Saturday afternoon while working on my notes for LDS Sunday School study, I was interrupted by two phone calls, both offering me something free.
The first was from an older gentleman who sometimes attends our congregation. He used to live in our ward (i.e., parish), but a few years ago he moved into a nearby assisted-living apartment for the elderly. Though I've known him by sight for years, I doubt that we have exchanged more than a few words. We are acquaintances, but not more than that.
But he called asking, "Would you like me to wash your windows for free?" I was caught off guard and hesitated. My hesitation made him explain further: "I like to do things for people and I enjoyed it when you taught Sunday School. So I thought I'd wash your windows if you don't mind."
I wish I could say that modern, semi-urban paranoia didn't set it, that I didn't wonder, "What does he want?" "Can I trust him?" It did set in, but I kept it in check and we made an appointment for this week. Speaking with another member of the congregation I learned that this is something that he has done for others more or less randomly, something that brings him pleasure. For this man, humility, gratitude, and charity are inextricable. They are the lens through which he sees the world and those around him.
The second phone call, not more than ten minutes after the previous one, was from someone younger: "We are looking for advertising in your area and would like to install a wireless security system for free if you'll only allow us to put a small sign in your yard with our name on it."
Obviously I know nothing about this man personally. He may be a fine, good person just trying to make a living in difficult times. But his offer was a lie and I could hear that it was a lie. It was in his voice. The experience of others with similar supposedly free gifts helped me hear it. Perhaps I could hear it because, being a good person, his voice betrayed him. In any case, I knew as he spoke that what he said was a lie. The company this man works for, if not the man himself, sees the world through a lens in which there are only winners and losers, a world devoid of grace and, so, also devoid of charity and gratitude.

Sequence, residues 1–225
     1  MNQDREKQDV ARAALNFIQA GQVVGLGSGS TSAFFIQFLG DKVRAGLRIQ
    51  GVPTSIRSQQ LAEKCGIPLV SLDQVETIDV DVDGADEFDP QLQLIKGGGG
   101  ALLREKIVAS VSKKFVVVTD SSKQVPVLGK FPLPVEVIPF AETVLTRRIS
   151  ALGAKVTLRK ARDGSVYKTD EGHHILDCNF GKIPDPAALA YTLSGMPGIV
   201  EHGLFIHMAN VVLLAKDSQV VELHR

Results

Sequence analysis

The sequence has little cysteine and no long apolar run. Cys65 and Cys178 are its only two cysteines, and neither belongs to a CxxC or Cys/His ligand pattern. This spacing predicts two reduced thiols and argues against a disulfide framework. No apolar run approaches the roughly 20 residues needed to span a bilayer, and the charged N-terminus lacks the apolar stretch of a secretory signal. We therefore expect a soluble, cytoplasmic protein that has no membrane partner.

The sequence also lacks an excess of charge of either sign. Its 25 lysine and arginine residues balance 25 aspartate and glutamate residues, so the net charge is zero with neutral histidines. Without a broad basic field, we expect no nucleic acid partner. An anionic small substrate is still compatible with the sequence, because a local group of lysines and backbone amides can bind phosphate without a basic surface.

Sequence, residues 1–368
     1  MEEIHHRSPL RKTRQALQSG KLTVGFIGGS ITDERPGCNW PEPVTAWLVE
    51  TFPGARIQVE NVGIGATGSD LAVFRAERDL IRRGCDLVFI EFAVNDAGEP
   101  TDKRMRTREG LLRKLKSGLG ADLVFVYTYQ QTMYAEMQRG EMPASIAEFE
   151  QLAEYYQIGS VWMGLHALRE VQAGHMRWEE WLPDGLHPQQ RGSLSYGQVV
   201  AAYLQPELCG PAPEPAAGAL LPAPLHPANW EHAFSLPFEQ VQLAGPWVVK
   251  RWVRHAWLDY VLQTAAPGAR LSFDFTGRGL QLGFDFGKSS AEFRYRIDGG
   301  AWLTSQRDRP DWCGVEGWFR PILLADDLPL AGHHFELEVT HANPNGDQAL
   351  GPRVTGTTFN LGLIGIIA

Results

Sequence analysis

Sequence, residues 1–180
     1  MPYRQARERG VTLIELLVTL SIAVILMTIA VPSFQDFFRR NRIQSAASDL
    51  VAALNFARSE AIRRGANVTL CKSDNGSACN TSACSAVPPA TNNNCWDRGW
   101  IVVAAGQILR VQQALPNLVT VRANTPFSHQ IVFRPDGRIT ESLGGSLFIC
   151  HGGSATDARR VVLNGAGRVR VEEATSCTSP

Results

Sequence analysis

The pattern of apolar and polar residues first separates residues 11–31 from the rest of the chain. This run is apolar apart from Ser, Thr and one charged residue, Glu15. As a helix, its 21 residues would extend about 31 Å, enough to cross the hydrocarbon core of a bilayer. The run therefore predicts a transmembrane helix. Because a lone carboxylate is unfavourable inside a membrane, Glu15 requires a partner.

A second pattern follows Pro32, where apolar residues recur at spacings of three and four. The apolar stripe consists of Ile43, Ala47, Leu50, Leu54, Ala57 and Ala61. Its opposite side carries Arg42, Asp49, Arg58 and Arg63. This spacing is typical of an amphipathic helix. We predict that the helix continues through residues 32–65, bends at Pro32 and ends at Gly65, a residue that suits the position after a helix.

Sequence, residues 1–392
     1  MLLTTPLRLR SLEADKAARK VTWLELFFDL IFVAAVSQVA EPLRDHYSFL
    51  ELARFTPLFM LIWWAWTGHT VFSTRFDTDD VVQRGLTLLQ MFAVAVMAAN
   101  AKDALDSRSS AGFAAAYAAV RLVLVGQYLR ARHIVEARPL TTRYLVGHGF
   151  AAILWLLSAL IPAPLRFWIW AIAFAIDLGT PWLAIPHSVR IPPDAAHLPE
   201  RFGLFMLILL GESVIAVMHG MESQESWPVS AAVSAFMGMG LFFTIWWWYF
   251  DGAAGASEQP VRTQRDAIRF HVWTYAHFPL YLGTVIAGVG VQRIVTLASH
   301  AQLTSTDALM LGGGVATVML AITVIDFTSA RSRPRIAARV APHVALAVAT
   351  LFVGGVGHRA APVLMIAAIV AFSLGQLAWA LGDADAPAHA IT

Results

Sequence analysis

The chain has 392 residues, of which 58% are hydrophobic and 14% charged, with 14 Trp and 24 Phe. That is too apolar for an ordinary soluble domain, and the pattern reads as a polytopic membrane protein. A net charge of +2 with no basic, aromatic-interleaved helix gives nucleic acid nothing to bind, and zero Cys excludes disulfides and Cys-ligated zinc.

This man's offer was a variation on Nibley's first employer, the one who will give me a job so that I can earn my lunch, a job that drives me further and further into debt. With this variation, I am promised a free lunch. All I have to do is advertise for him. And, probably, all I have to do is sign a multi-year contract for monthly service of the "free" equipment, the cost of which is built into the monthly price. The penalty for breaking that contract to go with another company would be hefty. Were I to accept this gift, I would find it difficult ever to be rid of it.
This offer of something "free" is anything but a similitude of God's grace. Instead it is a similitude of the bondage of sin. In contrast, the first offer to wash my windows is both a similitude of divine grace and a call to repentance of the most gentle kind.
The brother who offered to wash my windows had no conscious intention of calling me to repentance. I doubt that he has thought much about his motives. It is something that seems right. It is something he enjoys doing. Those who appreciate what he does may give him a few dollars, but he doesn't do it for the money, though surely he is grateful if they do. He didn't consciously call me to repent, to change direction in my life. He did so by his life.
For this brother, the virtues of life—prudence, justice, temperance, courage, faith, hope, charity, gratitude, kindness, humility, and whatever else you wish to add—are not psychological attitudes. Those who have a virtue have different psyches than those who don't, but the difference in psyche is a result of the virtue rather than its manifestation. This brother's virtues are a way of being and acting in which generosity and goodness are different aspects of a whole, living, and acting person.
Washing my windows is a small kindness to someone who does not need it. One could see it as a superfluous act. But I have no doubt that, living in the world as he does, this brother does not confine his gifts to those who do not need them. What overflows in my case as window washing will overflow also for those in genuine need.
When the window washer encounters the Savior, he will be among those who ask "Lord, when saw we thee an hungred, and fed thee? or thirsty, and gave thee drink? When saw we thee a stranger, and took thee in? or naked, and clothed thee? Or when saw we thee sick, or in prison, and came unto thee?" (Mt. 25:37-39) Salvation will come to him as a surprise, as a gift as unexpected as was his phone call.